For Daniel A. Henderson '11 HON, whose art explores the viral allure of technology and its unintended consequences, the relocation of three of his sculptures to the ground floor of NJIT’s New Jersey Innovation Institute represents a homecoming of sorts. “Fossil Fuel” (2009), “Yellowstone” (2009) and “Premo” (2011) are now situated in an expansive new venue that allows spectators to fully appreciate the scope and grandeur of his work.
“It was really a very organic process where you and I can draw a plot for a garden but we really don’t know where we are until it’s finished,” Henderson recalled. “Once we had this physical space completed and here in an innovation institute, President Bloom said, ‘I have an idea, I’d like to see what you think about this’ and generously offered that we think about putting sculpture in this space, and it just made sense conceptually. But now as we sit here amongst them, it really has an impact, even more than what we thought when we were talking about it. So that’s how things work sometimes – it’s an organic process and, in a way, it’s almost like the pieces chose themselves for this space.”
The Temporality of Technology
Since 2007, Henderson, a member of the NJIT Board of Overseers and Albert Dorman Honors College Board of Visitors, has been engaged in the ambitious pursuit of outsized public sculpture. An inventor who developed the wireless picturephone and holds 29 U.S. patents, Henderson believes that invention, like sculpture, is an artistic endeavor. Through his work, he shows how the permanence of iconic products — from Viewmasters to Princess phones — sculpted in stone represents the connection with the natural world and contrasts with the temporality of technology and the materials from which they are constructed.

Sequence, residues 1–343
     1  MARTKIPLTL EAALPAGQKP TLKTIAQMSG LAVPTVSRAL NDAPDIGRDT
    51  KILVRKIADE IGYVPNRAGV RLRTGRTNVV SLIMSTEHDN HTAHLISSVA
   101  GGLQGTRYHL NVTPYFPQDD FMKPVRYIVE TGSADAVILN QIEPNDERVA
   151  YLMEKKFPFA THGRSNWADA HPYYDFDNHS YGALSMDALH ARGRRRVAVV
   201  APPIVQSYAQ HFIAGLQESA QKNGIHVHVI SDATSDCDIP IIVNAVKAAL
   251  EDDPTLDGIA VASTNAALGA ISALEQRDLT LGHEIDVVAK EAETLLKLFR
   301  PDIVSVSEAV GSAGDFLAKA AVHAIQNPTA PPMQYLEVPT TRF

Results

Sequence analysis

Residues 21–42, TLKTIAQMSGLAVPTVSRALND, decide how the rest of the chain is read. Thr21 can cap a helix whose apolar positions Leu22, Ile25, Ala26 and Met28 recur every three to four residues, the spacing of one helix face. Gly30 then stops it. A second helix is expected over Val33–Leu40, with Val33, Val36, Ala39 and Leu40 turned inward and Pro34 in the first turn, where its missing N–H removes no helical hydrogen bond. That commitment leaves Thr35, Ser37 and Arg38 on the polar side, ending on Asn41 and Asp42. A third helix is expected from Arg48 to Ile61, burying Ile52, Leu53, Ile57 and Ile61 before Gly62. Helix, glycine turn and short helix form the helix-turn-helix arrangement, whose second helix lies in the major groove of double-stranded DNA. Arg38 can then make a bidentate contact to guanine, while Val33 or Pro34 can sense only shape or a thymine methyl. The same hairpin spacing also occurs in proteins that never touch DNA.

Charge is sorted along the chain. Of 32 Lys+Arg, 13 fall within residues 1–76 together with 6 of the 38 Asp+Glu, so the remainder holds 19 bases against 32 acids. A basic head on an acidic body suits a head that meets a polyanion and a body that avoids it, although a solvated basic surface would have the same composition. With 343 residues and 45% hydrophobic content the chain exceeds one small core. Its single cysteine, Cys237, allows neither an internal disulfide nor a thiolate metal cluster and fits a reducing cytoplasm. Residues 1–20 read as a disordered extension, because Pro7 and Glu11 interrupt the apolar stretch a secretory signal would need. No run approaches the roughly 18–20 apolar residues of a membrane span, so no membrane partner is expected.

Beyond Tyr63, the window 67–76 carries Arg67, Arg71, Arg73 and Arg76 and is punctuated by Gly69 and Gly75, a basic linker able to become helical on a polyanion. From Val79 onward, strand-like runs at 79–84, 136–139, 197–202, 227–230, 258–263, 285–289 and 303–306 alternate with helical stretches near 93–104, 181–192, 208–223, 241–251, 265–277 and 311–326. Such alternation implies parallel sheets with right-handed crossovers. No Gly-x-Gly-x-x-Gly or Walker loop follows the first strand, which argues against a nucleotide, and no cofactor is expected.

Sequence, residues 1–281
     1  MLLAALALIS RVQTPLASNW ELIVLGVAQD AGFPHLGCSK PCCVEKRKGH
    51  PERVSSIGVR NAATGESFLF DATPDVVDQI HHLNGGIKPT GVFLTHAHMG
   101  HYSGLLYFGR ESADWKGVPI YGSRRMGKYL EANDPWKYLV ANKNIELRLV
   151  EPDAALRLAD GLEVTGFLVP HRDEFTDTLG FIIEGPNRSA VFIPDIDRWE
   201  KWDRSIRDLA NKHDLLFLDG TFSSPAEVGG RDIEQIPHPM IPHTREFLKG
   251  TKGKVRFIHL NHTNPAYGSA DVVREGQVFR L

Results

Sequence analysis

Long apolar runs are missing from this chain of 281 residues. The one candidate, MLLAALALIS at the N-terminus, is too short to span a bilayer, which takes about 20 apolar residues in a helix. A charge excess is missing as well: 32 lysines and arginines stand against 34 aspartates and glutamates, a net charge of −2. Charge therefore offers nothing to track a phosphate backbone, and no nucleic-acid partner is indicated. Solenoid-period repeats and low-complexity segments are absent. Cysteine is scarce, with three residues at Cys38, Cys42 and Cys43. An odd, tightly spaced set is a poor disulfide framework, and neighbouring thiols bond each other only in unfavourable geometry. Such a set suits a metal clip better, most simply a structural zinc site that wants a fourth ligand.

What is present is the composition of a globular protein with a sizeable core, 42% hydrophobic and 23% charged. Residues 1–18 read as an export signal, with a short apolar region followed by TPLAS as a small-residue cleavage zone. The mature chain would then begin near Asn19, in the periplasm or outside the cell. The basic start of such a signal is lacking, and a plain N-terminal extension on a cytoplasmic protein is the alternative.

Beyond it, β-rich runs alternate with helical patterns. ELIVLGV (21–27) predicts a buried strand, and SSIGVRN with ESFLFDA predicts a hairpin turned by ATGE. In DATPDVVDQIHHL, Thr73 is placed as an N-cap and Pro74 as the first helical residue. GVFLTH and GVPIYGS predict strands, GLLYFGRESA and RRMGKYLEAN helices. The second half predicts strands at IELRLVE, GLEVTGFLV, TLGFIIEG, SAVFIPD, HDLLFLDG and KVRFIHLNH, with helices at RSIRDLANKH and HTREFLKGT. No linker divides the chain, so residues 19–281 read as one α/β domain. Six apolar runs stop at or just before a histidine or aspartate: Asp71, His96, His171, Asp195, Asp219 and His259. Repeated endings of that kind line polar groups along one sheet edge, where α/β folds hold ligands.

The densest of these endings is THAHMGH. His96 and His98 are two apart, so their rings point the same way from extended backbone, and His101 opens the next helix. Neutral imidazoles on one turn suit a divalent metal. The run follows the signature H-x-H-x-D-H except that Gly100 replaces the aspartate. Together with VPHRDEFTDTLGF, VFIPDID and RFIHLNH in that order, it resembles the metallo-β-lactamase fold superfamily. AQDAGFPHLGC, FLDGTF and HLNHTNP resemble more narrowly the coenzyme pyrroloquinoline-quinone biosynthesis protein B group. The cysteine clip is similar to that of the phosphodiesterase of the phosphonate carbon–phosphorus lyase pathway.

His second solo museum exhibition was on display at the Grounds for Sculpture in Hamilton, N.J. In 2009, he donated his sculpture entitled “The Brick” (2008) to NJIT, where it is permanently installed in the main entry of Fenster Hall. In recognition of his exceptional achievements as an entrepreneur, inventor and sculptor, and as an esteemed friend of the university, NJIT conferred the degree of Doctor of Science, honoris causa, upon Henderson at the 2011 commencement ceremony.
Henderson began his career with IBM and was invited to work with Kazuo Hashimoto, known as the inventor of caller ID and the modern answering machine. He also worked with Jack Kilby, inventor of the integrated circuit. NJIT has been privileged to have Henderson present the Hashimoto Prize to outstanding doctoral graduates at the commencement ceremony. After the United States Marine Corps, Henderson earned a B.S. in business from Southern Oregon University, where he also received the 1999 Distinguished Alumni award. His prototype wireless picture phone was received by the National Museum of American History at the Smithsonian Institution in October 2007, and he has been recognized in NPR, Bloomberg Business Week and the Wall Street Journal.